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Mortal Kombat: Armageddon on the Wii

Mortal Kombat: Armageddon for Nintendo Wii

Expected Retail Price (UK): £29.98 (released June 15, 2007)
Price as Reviewed (US): $43.99


Mortal Kombat has been an annoyingly spelt part of games for almost as long as some of us can remember. The series has grown over the years from a controversial 2D beat-em-up played with a joystick on an old Amiga to the motion-sensing 3D game we're looking at today.

More importantly though, Mortal Kombat: Armageddon is the first major beat-em-up to appear on the Wii, which could potentially make it a very interesting game in terms of how it tackles the Wiimotes capabilities. Can Mortal Kombat, which was arguably a one-trick pony that replied on massive amounts of gore to get attention, redeem itself and make full use of the Wii's potential, or will it prove to just be a poor console port stuffed with mini-games?

Let's find out.

Mortal Kombat: Armageddon

Mortal Kombat: Armageddon doesn't try to explain it's back story to series newcomers, which is both a blessing and a curse. On the one hand it spares us having to sit through long overdrawn cut scenes and get down to the core gameplay, but at the same time it means we're never entirely sure what's going on and, while some of the storyline is within grasp, other aspects are baffling to say the least.

For instance, why the hell is Liu Kang, once the major character of the series, now a zombie with chained hooks on his hands?

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In a nutshell though, the story for Mortal Kombat casts all the past Kombatants as bloodthirsty warriors whose continued battles threaten to destroy all of existence unless they are stopped. Which is the cue for a massive battle revolving around a flaming monster of some description that stands on top of a massive Incan pyramid which grew out of the ground when everyone was fighting.

The usual stuff then.

Gameplay is split into three separate, and very distinct, aspects. The first and most obvious part of the game is based around 'Kombat', which is the basic arcade matches and versus battles. Players can choose from over 60 characters to play, all of whom have two fighting styles and a set of special moves. The problem is that sixty characters is a bit too many and newcomers are immediately overwhelmed with the choice, especially when no indication of strengths and weakness is given for each character.

Mortal Kombat: Armageddon on the Wii Mortal Kombat: Armageddon Mortal Kombat: Armageddon on the Wii Mortal Kombat: Armageddon
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Most newcomers will end up randomly choosing a character until they find one they like and then stick with that one, which is fine – it's just that trying out and getting a feel for each character obviously takes too long.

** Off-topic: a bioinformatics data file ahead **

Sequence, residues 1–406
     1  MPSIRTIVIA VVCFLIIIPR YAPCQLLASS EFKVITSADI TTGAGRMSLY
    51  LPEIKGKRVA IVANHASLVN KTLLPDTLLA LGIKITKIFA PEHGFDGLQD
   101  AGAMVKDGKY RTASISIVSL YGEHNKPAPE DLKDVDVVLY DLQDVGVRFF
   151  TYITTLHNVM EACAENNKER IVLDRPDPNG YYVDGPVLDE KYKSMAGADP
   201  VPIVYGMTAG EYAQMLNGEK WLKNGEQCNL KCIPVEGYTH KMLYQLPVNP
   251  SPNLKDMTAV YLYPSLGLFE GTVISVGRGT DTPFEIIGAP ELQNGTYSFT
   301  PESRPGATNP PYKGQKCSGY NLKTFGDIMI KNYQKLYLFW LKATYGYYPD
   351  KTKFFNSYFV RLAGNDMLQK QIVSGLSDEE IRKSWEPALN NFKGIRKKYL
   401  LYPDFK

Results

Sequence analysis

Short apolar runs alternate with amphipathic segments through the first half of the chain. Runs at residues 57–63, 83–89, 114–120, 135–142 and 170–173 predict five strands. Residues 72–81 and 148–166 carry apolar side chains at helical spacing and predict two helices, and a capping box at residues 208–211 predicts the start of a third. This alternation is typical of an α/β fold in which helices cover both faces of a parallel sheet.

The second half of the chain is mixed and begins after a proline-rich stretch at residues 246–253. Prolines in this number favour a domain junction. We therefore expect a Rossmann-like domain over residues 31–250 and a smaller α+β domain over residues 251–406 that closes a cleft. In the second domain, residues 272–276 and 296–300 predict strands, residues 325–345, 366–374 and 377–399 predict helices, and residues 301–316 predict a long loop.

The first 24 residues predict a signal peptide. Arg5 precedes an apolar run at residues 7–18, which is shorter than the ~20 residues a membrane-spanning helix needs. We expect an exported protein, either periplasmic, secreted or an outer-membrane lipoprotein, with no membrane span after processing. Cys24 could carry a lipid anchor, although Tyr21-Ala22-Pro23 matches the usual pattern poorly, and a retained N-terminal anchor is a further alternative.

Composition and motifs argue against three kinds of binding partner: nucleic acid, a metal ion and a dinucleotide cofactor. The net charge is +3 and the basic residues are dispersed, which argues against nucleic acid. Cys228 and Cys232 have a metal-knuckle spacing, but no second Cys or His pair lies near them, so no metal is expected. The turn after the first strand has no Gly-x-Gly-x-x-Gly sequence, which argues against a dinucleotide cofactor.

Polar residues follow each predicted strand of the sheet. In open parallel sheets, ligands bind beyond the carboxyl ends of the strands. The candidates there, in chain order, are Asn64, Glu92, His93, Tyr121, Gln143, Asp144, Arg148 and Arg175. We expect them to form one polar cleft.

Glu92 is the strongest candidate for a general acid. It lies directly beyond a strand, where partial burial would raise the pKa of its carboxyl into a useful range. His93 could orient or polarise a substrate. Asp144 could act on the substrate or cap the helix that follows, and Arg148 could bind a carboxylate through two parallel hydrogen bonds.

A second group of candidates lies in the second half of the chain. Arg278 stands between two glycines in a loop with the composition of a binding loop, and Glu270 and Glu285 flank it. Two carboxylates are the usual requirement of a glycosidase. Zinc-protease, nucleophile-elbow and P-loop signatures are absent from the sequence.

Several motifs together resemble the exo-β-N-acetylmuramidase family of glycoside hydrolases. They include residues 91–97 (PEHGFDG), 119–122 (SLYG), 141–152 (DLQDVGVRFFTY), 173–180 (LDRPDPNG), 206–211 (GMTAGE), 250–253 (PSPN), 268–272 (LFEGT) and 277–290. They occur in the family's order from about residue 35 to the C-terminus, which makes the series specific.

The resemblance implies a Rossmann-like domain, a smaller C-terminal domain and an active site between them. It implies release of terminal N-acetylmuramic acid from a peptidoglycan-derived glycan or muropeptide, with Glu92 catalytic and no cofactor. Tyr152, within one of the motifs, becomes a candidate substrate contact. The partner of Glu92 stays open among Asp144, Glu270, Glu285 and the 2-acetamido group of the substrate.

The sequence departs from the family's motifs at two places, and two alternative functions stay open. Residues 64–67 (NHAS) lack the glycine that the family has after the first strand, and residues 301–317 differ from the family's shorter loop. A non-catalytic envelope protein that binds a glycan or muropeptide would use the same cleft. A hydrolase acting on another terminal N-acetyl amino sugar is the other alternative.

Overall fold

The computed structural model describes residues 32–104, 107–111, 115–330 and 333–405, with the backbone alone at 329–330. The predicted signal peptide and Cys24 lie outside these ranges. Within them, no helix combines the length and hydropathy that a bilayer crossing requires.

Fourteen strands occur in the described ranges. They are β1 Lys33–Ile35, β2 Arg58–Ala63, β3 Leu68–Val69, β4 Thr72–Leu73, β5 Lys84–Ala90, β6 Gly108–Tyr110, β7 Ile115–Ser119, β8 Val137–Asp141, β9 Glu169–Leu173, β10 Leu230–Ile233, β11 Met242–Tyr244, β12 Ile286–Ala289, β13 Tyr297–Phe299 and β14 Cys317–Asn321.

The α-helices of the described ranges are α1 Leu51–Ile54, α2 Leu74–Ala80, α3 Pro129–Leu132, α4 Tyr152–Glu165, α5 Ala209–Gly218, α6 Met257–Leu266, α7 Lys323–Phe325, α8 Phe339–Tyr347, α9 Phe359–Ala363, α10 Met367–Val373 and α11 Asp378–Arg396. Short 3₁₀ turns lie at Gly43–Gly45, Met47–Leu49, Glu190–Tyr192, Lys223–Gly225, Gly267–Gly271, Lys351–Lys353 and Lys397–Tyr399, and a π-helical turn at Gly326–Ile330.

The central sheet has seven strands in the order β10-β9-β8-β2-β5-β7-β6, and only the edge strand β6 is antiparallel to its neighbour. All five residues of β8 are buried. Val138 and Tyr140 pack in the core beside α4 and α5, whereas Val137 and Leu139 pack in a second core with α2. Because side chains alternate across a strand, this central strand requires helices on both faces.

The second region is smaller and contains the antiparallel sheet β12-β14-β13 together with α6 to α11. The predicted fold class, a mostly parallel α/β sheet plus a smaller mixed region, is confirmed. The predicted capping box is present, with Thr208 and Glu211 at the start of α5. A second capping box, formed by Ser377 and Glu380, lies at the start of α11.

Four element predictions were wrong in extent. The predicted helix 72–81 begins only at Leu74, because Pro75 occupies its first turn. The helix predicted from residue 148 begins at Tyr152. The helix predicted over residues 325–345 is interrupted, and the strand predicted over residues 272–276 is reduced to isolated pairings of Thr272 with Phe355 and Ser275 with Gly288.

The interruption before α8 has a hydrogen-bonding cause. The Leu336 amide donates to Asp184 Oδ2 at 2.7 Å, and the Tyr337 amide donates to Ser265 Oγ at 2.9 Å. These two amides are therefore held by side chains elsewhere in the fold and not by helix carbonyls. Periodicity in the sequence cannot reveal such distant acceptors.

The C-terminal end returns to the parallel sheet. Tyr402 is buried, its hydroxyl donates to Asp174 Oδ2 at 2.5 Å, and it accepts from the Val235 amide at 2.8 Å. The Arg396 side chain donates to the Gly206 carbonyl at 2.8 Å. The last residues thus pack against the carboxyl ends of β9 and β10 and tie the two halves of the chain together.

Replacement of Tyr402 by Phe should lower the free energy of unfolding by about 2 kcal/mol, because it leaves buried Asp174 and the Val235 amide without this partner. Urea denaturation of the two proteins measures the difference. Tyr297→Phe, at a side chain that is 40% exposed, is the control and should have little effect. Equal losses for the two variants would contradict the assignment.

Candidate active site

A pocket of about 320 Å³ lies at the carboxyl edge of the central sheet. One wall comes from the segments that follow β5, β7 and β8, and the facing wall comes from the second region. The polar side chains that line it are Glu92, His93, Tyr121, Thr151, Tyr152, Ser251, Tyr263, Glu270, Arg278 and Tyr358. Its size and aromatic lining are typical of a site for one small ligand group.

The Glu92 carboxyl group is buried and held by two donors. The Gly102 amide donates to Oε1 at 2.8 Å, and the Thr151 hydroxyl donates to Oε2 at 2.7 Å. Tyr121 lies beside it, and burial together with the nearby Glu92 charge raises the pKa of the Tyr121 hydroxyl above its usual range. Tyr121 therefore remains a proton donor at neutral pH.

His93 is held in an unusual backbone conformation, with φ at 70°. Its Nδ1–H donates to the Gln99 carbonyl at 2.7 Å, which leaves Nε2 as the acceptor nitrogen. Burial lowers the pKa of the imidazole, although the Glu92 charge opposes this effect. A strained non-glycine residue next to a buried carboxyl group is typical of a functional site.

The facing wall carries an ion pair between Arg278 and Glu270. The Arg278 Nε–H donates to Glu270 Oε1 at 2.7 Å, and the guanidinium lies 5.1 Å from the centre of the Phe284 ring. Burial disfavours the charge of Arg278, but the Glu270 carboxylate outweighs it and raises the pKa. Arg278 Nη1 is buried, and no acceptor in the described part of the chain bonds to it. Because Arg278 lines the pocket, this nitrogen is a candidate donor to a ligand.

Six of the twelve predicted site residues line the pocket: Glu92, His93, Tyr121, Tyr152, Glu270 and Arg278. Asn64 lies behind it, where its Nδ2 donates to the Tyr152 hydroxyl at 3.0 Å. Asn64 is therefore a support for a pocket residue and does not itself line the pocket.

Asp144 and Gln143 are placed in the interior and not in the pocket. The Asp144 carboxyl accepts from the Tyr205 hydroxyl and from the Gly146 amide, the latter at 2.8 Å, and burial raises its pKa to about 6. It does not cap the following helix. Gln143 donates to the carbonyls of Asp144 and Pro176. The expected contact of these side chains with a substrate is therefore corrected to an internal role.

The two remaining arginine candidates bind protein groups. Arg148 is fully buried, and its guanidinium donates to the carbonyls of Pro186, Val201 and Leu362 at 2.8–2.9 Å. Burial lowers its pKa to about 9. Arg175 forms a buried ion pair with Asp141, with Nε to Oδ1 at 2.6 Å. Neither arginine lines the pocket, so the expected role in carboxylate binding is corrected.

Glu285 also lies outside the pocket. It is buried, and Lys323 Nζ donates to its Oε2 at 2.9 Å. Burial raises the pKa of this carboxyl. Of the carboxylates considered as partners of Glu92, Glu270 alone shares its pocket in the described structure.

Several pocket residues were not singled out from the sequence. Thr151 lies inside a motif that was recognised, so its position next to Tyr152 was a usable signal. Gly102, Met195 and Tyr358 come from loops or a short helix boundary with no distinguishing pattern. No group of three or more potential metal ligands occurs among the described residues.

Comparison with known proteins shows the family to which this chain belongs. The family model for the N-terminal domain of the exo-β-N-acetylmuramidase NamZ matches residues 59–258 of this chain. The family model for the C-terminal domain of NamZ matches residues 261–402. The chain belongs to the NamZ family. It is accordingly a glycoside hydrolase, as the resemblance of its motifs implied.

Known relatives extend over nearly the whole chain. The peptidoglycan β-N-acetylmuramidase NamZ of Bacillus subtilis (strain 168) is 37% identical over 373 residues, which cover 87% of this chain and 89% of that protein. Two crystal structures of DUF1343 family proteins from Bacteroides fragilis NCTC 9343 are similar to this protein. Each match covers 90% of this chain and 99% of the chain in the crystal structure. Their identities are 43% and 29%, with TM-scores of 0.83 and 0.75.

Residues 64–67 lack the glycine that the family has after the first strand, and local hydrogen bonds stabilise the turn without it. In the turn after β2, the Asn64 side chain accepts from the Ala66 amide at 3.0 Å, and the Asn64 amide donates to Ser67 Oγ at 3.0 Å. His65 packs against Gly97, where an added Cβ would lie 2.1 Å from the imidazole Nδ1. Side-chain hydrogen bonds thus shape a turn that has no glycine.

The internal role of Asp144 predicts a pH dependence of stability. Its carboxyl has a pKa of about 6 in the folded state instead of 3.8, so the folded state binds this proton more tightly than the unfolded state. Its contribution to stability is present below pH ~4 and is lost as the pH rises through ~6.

On top of the Kombat mode is the Kart racing and the Konquest mode. And, yes, we're sick of them using the letter 'K' all the time too. Kart racing plays like a much simplified version of Mario Kart 64, with a small selection of initial tracks and the usual set of power-ups. The main problem for the Kart mode is that each racer can only pick up and use one special move, so the game is more about knowing the racers than knowing the tracks. It's immediately obvious that the lightning shield power used by Raiden is essentially useless, so it's easy to move on to somebody who has a missile attack power instead, at which point the races often become pathetically easy.

Still, Motor Kart Kombat is still pretty fun for some quick multiplayer (four players supported) even though it feels like it should be an unlockable extra rather than an instantly available game mode. It also does nothing to disprove the notion that the Wii can only really do mini-games.

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Konquest mode is much more interesting though, providing a chance to explore a little, albeit along a linear path dotted with arena battles and traps. Konquest expands the story and gives players the chance to earn more unlockables and attempt some larger battles against multiple enemies. It's little more than a novelty though, with none of the strategic weapon-choosing features that played a part in the similar 'Weapon Master' mode of Soul Calibur II.

Konquest mode is enough to interest lonely players, but the real fun of Mortal Kombat, as with all beat-em-ups, is in multiplayer gaming. For multiplayer, Mortal Kombat offers some quick and clean versus battles or some down and dirty racing action, though neither has the strength to stand on their own because both Kombat and Karting modes are lacking in different areas.

Of course, Mortal Kombat is a beat-em-up so we weren't exactly expecting massive innovations in game play. Instead, we're much more concerned with how the game handles with a Wiimote and how gory it looks.